I hope I will continue to say that I am learning something 20 years from now. This past quarter, I learned how to refer different kinds of people to other professionals. This is my synopsis of the experience.
First, there is no right referral for every situation. Any referral depends upon who you (client, prospect, fellow advisor, colleague) are and what you are looking for. This is because there are different types of advisors (insurance, stocks, wealth management, personal financial, coach types, etc.) and services you can use.
I generally begin with the licenses they have, because this tells you what their duty is to you, the referee, the client.
1. The highest duty in the law is a "fiduciary duty." It is the duty a parent owes to their minor child. Only certain licenses carry a fiduciary: Lawyers owe a fiduciary duty to their clients and the case law generally holds them to the highest standard in the law. This is why our errors and omissions insurance is so expensive. You are treated like our child, even (or perhaps especially) when you behave like one.
Professional fiduciaries have a very high fiduciary duty, but are often not cross-licensed or trained in all the areas where we need expertise. But their duty is that of a trustee and is only limited by the governing document that appoints them (e.g., the trust or the Court).
Toggling down our list, a Registered Investment Adviser (RIA), or an Investment Advisory Representative (IAR) also have a fiduciary duty. Most Certified Financial Planners (CFP designation) ascribe to rules of practice that require them to put the interests of their clients ahead of their own, although their disclosure obligations are not as extensive as one would like to see.
Good investment advisers in my view are smaller groups, perhaps independent of, but who use “clearing brokers” (Schwab, JP Morgan and Fiserve are common clearing brokers) to handle their trades. An example would be Mosaic Financial Partners or Wetherby Asset Management in San Francisco.
2. Series 7 licensees are stockbrokers. They must be supervised by a single "broker dealer," and can get disciplined or sanctioned for "selling away" (selling something that broker has not authorized as an appropriate investment). The concept here is that someone is supposed to be watching them and making sure they don’t harm their customers. Beware the compliance officer watching them may not have your interest as highly in mind, so using a broker-dealer that has a decent compliance system in place is critical. Many Series 7 brokers are also licensed IARs. Some are also licensed insurance agents. Stockbrokers nowadays are not usually the advisor of choice the way they used to be. Nevertheless, I like some stockbrokers for some client profiles.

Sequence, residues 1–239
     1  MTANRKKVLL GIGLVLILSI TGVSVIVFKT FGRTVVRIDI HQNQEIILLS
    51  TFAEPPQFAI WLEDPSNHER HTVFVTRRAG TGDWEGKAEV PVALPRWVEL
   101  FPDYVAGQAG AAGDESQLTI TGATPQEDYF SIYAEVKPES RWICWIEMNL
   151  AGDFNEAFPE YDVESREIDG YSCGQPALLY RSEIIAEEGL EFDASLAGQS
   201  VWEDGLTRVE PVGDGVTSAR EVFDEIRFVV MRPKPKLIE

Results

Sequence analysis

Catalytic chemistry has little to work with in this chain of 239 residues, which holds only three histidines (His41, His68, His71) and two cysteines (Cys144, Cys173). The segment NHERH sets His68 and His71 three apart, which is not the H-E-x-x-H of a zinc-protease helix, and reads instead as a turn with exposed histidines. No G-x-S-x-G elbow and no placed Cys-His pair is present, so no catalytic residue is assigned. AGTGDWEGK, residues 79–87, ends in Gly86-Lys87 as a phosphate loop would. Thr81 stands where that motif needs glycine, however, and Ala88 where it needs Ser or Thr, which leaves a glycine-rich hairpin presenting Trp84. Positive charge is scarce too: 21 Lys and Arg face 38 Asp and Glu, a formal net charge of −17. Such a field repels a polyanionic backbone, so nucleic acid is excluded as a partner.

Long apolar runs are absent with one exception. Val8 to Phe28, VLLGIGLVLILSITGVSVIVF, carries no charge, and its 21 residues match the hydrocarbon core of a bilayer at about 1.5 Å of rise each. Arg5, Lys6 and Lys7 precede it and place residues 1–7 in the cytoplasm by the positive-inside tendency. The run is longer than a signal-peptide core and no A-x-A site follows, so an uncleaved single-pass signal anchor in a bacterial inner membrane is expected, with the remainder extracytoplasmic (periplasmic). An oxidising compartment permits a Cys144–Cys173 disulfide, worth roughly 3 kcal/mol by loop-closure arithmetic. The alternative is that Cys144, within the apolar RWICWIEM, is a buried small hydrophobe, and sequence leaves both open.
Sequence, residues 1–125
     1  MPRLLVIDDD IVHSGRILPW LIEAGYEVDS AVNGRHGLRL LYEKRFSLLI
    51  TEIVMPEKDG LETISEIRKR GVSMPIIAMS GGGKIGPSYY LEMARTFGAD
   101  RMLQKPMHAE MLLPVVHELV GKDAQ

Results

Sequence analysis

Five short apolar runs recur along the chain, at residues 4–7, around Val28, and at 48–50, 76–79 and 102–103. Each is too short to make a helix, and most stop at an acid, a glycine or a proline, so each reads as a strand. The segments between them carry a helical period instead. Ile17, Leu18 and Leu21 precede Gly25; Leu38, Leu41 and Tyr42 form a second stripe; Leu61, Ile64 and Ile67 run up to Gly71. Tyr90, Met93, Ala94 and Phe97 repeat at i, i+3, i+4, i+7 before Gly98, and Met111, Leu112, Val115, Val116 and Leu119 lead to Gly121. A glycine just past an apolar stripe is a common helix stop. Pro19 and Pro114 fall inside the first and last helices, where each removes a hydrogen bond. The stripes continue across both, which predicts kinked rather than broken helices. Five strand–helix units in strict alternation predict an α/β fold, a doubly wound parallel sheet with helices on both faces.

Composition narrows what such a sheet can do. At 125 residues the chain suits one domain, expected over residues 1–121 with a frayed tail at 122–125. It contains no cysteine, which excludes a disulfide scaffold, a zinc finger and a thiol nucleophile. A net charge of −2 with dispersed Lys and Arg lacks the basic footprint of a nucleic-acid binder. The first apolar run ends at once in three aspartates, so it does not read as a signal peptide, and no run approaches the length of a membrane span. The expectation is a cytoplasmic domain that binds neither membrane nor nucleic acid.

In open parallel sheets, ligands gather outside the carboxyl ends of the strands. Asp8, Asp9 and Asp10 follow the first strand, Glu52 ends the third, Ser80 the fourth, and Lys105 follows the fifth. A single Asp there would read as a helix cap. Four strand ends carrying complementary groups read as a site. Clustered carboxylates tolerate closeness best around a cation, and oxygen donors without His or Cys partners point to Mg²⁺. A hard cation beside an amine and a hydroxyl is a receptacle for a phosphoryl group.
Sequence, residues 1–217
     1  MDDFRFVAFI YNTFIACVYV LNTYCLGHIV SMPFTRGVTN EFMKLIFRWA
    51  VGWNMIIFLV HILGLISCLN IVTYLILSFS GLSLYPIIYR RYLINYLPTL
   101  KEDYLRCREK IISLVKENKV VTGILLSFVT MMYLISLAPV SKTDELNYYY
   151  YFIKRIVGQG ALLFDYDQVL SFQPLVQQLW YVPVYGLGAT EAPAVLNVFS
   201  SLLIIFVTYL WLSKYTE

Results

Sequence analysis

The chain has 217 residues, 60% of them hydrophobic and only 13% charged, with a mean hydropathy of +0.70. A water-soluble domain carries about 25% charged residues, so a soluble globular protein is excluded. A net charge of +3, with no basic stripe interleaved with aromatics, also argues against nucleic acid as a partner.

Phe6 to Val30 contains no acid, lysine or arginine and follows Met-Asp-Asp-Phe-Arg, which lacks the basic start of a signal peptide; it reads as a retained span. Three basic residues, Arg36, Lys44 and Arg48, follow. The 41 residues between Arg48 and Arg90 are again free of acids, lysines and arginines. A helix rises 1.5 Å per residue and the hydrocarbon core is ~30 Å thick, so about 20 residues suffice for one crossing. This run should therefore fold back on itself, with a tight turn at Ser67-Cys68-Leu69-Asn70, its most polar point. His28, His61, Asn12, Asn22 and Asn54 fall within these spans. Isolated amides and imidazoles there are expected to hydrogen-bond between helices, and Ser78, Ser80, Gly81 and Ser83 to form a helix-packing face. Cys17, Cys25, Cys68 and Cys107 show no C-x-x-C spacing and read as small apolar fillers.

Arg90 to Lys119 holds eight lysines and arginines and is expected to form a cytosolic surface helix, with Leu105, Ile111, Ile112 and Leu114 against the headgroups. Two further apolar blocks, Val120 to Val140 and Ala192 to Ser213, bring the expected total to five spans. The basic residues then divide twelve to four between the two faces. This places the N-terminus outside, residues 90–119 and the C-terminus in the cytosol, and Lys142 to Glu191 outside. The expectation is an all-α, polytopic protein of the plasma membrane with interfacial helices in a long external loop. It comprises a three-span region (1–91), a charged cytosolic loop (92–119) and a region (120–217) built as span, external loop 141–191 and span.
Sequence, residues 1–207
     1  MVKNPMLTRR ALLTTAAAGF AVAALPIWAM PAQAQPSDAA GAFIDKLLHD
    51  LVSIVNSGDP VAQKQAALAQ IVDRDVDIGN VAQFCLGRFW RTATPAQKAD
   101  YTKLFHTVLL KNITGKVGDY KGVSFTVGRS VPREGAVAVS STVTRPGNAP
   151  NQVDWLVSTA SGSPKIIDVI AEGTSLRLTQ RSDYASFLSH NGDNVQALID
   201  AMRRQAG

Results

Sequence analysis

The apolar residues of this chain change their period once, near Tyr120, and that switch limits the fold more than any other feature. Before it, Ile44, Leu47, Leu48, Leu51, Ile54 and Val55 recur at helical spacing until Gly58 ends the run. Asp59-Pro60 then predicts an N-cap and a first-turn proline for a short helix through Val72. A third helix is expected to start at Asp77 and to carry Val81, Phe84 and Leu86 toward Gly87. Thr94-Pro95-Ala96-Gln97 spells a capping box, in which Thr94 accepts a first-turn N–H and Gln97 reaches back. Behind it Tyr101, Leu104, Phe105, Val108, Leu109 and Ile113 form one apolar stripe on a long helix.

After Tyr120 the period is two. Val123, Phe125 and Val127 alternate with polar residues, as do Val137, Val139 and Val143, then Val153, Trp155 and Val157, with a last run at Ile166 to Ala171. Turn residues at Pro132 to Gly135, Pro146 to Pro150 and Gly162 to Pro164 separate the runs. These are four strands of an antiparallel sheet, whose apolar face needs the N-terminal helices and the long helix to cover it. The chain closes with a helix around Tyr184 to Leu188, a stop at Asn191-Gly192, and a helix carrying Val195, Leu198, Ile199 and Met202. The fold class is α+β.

3. Insurance agents often call themselves "financial advisors." There is no requirement for a license to call yourself a "financial advisor" (or an estate planner, for that matter). This is why there is a lot of confusion about who is an estate planner and who is a financial advisor. Anyone can be either, so the result is a taint on the entire profession. Insurance agents are held to the lowest standard of care in the industry: the duty of reasonable care as determined by the standard of care of other insurance agents. They are not required to disclose commission, and they are not required to put their client's interest ahead of their own. Nevertheless, sometimes insurance agents can be great, but it would be up to them personally to hold themselves to that standard, because the law does not.